Boatwif Blog

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Bedford River Festival

“Are you going to the River Festival?” friends and neighbours had asked all last week. “Will you be on your boat?” Yes – but no… Cleddau is tied up in Cheshire     and the Bedford River Festival  is 9 waterways, 297½ water miles and 141 locks further south…  This year, then, the Festival was to be viewed by foot rather than by boat. The River Festival “was founded in 1978 to celebrate the completion of a navigable route, by...

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 Takeaways

It’s a modern word, Takeaway, isn’t it? For some it might summon up images of kebab boxes dumped on the street or frankfurters smothered in onions and  tomato sauce. Sound as intentions might be for healthy eating options, sometimes the craving for a takeaway is just overwhelming… Not everyone gets the chance to attend a festival – but you can probably guess that a festival will likely provide new and unfamiliar sounds, sights    – and probably tastes too… It...

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The final stretch

Thursday 16th June. Back on the Macc – and there was a homecoming feeling about the cruise. The rounded bridge holes,    the dozy-eyed cows,   the vigorous growth of the bank-side ferns,   and from Congleton onwards the Cloud’s stark outline   looming high above the canal.   As ever, near Bridge 60, the painted cow sat watching the cut.     What a gorgeous thing she is!  Then it was up Bosley Locks on Friday,     past...

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Volunteers!

Canal and River Trust welcome volunteers to fill a host of roles. Most visible of course are those who fulfil lock keeping duties. Both on Cleddau’s outbound journey towards Liverpool and on the return journey there was a volunteer lock keeper, clad in yellow hi-vis jacket and buoyancy aid at the Middlewich Three. Middlewich is an interesting place for boaters: coming from the north there is the oddity that is Big Lock (wide enough for two narrow boats side by...

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SAL EST VITA

Down to the Weaver via the Anderton Lift    on Wednesday afternoon – and back onto the deep waters of a river.     The Weaver, which is about 20 miles in length, has a dual personality: there are some fine scenic rural stretches as well as lengths dominated by old or current industry. Right opposite the Lift is a huge industrial complex, formerly run by ICI, now owned by TATA Chemicals Ltd, its products being soda ash, sodium bicarbonate, calcium chloride and...

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It’s all in the timing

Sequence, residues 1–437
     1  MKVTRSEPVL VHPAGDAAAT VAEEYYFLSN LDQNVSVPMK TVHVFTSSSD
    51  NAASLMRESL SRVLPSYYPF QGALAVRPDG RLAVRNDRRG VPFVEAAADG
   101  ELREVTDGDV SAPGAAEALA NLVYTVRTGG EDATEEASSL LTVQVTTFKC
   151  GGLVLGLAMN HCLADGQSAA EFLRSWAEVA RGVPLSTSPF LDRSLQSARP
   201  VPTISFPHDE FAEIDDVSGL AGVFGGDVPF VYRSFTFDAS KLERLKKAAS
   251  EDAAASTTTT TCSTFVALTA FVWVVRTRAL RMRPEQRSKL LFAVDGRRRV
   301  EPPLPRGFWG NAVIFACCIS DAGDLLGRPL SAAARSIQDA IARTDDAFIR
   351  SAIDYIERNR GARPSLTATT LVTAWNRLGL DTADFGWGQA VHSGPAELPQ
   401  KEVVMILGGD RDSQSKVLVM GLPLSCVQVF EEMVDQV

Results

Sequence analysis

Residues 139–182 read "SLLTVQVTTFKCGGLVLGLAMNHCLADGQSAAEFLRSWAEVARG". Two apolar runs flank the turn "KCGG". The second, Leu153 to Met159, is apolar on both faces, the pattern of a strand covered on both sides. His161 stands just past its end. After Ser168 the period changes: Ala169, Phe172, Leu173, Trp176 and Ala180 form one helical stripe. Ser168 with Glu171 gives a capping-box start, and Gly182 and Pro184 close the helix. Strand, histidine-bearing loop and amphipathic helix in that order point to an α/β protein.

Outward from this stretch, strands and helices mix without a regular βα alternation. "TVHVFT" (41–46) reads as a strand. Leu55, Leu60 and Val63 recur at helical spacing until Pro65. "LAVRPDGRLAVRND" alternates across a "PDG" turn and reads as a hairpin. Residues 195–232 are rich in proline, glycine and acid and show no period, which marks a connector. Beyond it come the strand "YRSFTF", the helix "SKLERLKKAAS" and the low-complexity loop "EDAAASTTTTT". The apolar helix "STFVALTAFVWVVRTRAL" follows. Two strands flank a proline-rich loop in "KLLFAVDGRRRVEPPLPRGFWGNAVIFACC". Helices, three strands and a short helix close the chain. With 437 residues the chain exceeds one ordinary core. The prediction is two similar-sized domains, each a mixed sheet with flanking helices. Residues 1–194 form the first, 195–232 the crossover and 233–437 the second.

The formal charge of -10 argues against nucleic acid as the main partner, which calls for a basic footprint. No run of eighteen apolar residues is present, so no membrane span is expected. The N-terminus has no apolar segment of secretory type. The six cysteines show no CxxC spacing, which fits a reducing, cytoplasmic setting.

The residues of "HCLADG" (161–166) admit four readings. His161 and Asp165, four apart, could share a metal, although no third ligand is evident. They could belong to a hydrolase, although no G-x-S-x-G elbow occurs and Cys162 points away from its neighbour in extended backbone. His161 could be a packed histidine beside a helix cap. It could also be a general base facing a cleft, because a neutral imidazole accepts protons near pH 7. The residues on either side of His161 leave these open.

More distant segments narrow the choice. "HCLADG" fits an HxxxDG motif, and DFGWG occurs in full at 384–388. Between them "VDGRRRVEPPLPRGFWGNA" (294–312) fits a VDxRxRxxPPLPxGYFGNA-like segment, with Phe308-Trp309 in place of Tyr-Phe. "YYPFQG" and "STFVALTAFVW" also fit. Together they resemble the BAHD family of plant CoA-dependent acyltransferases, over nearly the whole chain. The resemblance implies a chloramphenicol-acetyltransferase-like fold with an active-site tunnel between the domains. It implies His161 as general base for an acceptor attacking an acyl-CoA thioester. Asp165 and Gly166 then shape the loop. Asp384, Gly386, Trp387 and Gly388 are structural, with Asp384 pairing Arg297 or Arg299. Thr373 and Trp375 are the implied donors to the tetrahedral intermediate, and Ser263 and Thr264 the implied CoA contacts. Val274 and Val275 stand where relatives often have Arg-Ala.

Dunham Massey, near Altrincham, is just a five minute walk from the Bridgewater Canal.    It was 1976 when the last (10th) Earl of Stamford donated the property to the National Trust. Visit it – and be charmed by the photogenic fallow deer     which roam the grounds. A current exhibition in the house emphasises the fame and infamy achieved by key members of the Booth and Grey families. One, Lady Mary Booth (1704 – 1772), the only child of the 2nd...

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Back on the watery road – and a few extraordinary things…

Hull care… you need to protect your hull if you want your boat to last. That’s an understatement for all boat owners. Cleddau has been ‘out to sea’ four times in recent years (across the Wash in 2014, last year down the tidal Severn followed two months later by a cruise up the tidal Thames and then in May this year the boat spent six nights in Salthouse Dock in Liverpool). The last time Cleddau’s hull was exposed to air...

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Just because…

Liverpool is an out and back destination. Down into Liverpool  Cleddau had gone on 16th May. Six days later, early on a Sunday morning, the boat was reversed off her Salthouse Dock mooring,      ready to cross Albert Dock, to wait for the half tide barrier to be lowered by the C&RT staff     and then to access the first lock. It was back through the tunnels…  back along Sid’s Ditch…  with a right turn at Victoria Clock Tower… a climb of...

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Tourists in Liverpool (2) – or Birds, bells and books

With so much to see in Liverpool where to start and what to investigate? The Maritime Museum is but a minute’s walk from the boat moorings in Salthouse Dock. From here two zany archaeologists         led a walk past fountains representing tide heights to a site below the streets of Liverpool One.  Here was the Old Dock,     unearthed in 2001. Below the streets visitors see a brick wall on top of sandstone layers – but the tour treats them to a...

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Tourists in Liverpool (1)

After five and a half days in tourist mode maybe it’s time to put words onto a screen… Liverpool is stunning – visually and aurally, culturally and commercially. It is a vibrant city, not afraid to recognise its past as a port so many people emigrated from      and one where laughter, music and humour    are always close by. Liverpool’s growth as a port came from a decision in 1710 to create a wet dock from a pool...